A proposal to create an AIDS Peace Corps is an idea that should be embraced and implemented as quickly as possible.
With an average of one general physician for every 5,000 people in most African nations, people suffering with AIDS have little chance of seeing a doctor for treatment. Rwanda has one physician for every 53,374 people, according to a recent article in The Wall Street Journal, and in Mozambique, there is one doctor for every 41,060 residents.
The idea for the AIDS Peace Corps has been put forth by the Institute of Medicine, an affiliate of the National Academy of Sciences in Washington, D.C., in its report "Healers Abroad: Americans Responding to the Human Resources Crisis in HIV/AIDS."
The institute envisions AIDS physicians, nurses, pharmacists and other health care workers operating in what would be called the U.S. Global Health Service. They would treat patients and train caregivers in an initial 15 countries, which are receiving the bulk of about $100 million annual funding in the President's Emergency Program for AIDS Relief.
Some of the workers, perhaps 150, would become federal employees for two years for $225,000 in salary and benefits over that period. Another 100 professionals could get one-year, $35,000 fellowships, and then 100 medical school graduates could work off $25,000 per year of indebtedness by joining the U.S. Global Health Service for two years. Still another staffing idea would place U.S. professionals as substitutes for local health care workers who would go outside their country for training.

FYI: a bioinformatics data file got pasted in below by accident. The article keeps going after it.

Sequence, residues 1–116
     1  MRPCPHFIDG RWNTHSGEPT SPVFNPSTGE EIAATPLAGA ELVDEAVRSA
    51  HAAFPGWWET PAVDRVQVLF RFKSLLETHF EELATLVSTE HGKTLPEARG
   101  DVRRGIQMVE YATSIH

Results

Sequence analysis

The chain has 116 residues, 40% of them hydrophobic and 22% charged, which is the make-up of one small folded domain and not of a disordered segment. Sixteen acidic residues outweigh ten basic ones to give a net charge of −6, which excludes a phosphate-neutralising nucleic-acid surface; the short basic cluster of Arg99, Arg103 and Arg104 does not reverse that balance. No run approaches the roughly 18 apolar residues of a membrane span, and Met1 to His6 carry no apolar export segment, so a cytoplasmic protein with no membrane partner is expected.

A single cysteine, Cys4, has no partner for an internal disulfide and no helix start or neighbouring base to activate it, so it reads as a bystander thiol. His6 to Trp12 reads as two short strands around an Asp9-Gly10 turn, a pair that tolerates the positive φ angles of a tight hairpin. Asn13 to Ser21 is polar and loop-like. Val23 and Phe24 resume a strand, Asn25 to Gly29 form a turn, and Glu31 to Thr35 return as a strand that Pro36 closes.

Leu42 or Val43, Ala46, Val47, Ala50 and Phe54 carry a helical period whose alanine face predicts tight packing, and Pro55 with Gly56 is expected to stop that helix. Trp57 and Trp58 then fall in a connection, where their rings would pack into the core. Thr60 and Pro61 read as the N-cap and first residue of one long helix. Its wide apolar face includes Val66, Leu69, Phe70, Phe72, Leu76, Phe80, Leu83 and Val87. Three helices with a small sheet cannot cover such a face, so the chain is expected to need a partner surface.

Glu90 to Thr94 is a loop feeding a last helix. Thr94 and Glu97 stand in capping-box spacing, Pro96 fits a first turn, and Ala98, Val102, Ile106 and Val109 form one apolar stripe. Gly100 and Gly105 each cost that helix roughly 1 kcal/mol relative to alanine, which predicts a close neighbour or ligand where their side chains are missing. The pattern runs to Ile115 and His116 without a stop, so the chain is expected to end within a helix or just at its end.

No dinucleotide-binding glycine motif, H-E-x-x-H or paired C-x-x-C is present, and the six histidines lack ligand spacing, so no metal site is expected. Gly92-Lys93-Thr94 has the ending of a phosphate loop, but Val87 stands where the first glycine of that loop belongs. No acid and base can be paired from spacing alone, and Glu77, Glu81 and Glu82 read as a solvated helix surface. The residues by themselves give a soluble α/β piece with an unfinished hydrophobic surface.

And retired professionals could well want to work as volunteers. Many readers can remember the inspiration of Lillian Carter, mother of the former president, who served as a Peace Corps volunteer late in life.
The good news in the fight against AIDS/ HIV is that generic drugs are available at lower costs than before. However, that positive is outweighed by the lack of health care professionals in the countries being decimated by the disease.
Senate Majority Leader Bill Frist last month introduced the Global Health Corps Act of 2005, which has similarities to the Institute of Medicine proposal, except treatment would not be limited to AIDS. Funding for Frist's legislation would go through the Department of Health and Human Services, and the Institute of Medicine plan would use funding through the State Department.
While providing general treatment would be ideal, AIDS/HIV is spreading in African countries much like a wildfire. The urgency this disease presents calls for a plan of attack with a single focus. Rather than swatting at every health care problem in these countries, an effort concentrated on containing AIDS/HIV would be more effective.
The Journal article quoted Fitzhugh Mullen, the report's author, as saying, "The Global Health Service is a vehicle of American compassion that's long overdue ... a strategically important way to use our health care sector."
Such an effort would be wise use of American resources - time, talent and money.